Mistakes: An Opinion About CSB (Draft)
#CantStandBy is an inherently D-I-Y project. That's kind of the point. It's ordinary people "having a crack at it". The #CantStandBy manual is not an infallible document. There are ways in which things did not go to plan in the early days.
For example, few people had anticipated how intense the highway occupations would be, or how total the media blackout around #CantStandBy would be.
Perhaps most disheartening, much larger groups (that actually had the numbers to be able to carry out the plan) did not seem at all moved by the demonstration of people self-organizing to shut down a highway in Coburg for 3 months in a row without injury or arrest. It was perhaps unfair to expect that they would be drawn to participate. At least until they had any reason to expect that it would grow dramatically.
Unfortunately, in early 2017 it CSB hadn't quite caught on in that way yet. By mid-2017, the political pressure which drew people to occupy the roads in the first place had begun to dissipate. Up until this point, except for a few months at the very beginning, the network had only known periods of growth. Around June 2017 things began to die off and energy seemed to drain from the network.
The possibility that this could be the end of #CantStandBy loomed. Had it been a centralised organisation, it's difficult to imagine that it would have been able to sustain its activities so effectively for another six months with such a massive drop in energy input.
But decentralised groups are organisationally light - they can float for a while. Or at least #CantStandBy did. But until that next gust of political outrage pushed the network back into a significant outrage in Nov 2017, it was very hard to tell the difference between, gliding (at least somewhat) and falling.
However, the entire point of the network was that it was meant to be able to ebb and flow. People cannot resist at their fullest capacity indefinitely. The whole point of CSB was that participants were meant to be able to literally take 5 months off and come back into it still knowing how to participate.
During those coasting months when the network was recuperating, the regular community picket actions on the highways really helped keep the network alive. They were part of the thin threads of our sail that was just barely pushing the #CantStandBy boat forward.
But given that the network seems to have caught this new gust of political outrage and it looks as though it will be able to convert that into political demonstrations, this document seeks to address whatever potential shortcomings have been seen in the network so far. This will help people to make the most informed decision about what actions to participate in.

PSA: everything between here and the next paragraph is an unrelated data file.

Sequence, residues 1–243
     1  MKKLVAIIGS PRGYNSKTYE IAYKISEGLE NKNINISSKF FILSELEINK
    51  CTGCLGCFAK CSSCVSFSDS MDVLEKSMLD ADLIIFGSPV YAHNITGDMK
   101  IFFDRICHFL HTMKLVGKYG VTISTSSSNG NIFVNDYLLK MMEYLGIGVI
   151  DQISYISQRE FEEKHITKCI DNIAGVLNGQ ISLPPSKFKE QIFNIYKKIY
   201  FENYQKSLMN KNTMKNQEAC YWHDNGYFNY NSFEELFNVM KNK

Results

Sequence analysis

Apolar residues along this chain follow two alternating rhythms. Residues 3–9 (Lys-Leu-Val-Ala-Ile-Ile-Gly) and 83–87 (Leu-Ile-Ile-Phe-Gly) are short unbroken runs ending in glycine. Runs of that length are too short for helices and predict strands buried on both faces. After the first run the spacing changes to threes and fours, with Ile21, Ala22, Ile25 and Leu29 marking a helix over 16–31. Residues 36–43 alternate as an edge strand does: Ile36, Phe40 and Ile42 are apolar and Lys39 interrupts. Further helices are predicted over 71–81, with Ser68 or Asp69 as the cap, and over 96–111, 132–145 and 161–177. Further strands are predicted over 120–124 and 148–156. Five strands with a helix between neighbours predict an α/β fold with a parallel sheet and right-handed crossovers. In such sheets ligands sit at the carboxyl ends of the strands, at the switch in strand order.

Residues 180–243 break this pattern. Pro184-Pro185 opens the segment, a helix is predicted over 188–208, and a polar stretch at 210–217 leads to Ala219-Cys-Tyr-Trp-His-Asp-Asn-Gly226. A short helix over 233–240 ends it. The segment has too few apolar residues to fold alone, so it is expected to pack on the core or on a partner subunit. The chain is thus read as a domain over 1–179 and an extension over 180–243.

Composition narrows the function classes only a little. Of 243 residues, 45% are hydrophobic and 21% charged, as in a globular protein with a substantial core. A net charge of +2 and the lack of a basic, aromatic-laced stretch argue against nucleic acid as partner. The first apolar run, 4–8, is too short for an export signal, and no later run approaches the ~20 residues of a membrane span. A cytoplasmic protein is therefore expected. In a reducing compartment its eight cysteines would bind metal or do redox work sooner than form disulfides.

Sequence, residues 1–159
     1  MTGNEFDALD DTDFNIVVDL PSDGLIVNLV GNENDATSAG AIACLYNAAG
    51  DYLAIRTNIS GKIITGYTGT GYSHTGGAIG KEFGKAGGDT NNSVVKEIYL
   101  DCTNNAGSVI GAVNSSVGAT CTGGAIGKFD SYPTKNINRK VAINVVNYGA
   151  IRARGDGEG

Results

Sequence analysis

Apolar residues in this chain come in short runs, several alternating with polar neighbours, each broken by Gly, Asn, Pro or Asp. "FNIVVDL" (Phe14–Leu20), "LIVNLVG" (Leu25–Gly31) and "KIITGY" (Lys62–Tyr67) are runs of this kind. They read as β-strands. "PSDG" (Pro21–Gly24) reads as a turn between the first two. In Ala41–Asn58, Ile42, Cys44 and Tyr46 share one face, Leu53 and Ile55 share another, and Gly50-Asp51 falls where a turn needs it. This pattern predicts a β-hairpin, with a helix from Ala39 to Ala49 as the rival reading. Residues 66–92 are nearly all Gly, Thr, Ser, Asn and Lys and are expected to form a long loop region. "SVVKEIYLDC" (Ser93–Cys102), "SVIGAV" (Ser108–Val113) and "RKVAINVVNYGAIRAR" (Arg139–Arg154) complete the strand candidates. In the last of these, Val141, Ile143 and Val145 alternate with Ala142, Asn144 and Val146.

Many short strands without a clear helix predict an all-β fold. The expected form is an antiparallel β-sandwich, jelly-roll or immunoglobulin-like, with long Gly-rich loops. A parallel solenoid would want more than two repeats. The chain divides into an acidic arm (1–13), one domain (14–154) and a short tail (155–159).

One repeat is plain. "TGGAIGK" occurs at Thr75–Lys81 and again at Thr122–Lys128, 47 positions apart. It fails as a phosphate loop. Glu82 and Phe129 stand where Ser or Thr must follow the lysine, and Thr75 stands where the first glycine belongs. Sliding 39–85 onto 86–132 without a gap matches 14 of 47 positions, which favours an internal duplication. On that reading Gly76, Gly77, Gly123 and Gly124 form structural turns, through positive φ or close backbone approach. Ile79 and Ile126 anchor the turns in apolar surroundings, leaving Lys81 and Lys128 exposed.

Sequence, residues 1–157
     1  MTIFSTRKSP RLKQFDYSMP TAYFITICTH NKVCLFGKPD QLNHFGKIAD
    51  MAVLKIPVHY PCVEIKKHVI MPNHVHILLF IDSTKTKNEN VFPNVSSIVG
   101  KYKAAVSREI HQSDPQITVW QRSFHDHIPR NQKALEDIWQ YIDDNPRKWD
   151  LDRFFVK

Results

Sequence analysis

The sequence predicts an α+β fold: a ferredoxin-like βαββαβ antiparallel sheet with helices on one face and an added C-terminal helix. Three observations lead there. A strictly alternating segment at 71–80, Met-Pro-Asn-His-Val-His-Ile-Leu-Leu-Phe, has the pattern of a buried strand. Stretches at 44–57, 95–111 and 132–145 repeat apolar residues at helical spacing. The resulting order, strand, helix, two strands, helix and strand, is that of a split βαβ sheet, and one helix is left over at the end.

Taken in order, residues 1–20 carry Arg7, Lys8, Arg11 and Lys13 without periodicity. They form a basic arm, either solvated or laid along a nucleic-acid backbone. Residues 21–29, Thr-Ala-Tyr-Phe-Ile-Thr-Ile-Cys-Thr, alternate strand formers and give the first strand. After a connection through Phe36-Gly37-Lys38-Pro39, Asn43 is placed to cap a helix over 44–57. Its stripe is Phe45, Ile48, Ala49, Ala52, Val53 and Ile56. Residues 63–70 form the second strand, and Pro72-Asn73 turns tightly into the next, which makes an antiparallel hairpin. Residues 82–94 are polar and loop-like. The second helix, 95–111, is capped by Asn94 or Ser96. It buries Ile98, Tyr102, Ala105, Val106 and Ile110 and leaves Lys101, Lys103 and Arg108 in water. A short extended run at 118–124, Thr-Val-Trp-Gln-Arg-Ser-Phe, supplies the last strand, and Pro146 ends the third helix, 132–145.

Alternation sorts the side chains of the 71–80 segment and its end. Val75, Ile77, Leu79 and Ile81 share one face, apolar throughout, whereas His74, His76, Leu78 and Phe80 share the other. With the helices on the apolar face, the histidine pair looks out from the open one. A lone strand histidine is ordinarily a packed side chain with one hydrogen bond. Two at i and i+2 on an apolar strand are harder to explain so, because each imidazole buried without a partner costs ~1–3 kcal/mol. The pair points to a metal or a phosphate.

We will talk specifically about the nature of highway occupations (in a way that makes us sound like we're experts when we're just peopling having a crack at this).
We just hope to better prepare people for making decisions about whether to occupy roadways. So much more can be written on it and if you have any good resources tweet them to #CantStandBy. Also, there is already an excellent attempt cover some of the massive areas that the network manual missed - in the Black Cross Resilience zine Prepare and Repair. Which everyone should read. And then read again three months later at least. It really is quite good.
But with that said, here's the info we think you.
1. If you're blocking a road - don't think motorists are going to like what you're doing.
A problem with the network manual and a lot of the supporting media is that it does not accurately prepare people for the realities of highway occupations.
Part of the reason it is unable to do this is that it does not explore the fact that there is a fundamental difference in the nature of a demonstration that is organised towards disruption and a protest that is targeted towards outreach.
A protest that is designed towards outreach should take place in an area with a lot of foot traffic so that people can have conversations.
A protest that is designed towards disruption should take place at an economically significant location so that it is able to have the most impact.
At the moment, for the most part, people have just held whichever type of demonstration they have the numbers or prefer to hold on the highways.
This model has worked well. But it could potentially work even better if we were to appreciate the difference in these two types of actions and create spaces which are better able facilitate them both.
Banner Drop Photos:
One thing we want to make clear is that we still want lots of small and solo "banner drop photos" taken on the 1st Saturday of each month at the #CantStandBy rallying points. This is absolutely vital to the network. So still go to the bus stop to take a photo. It's just now, you don't have to worry that it's not also disrupting the economy or reaching out to the general public as effectively as perhaps other tactics might. The banner drop photos aren't for disruption or outreach. They are to let other people in the network know that you're aware of the network and ready to go.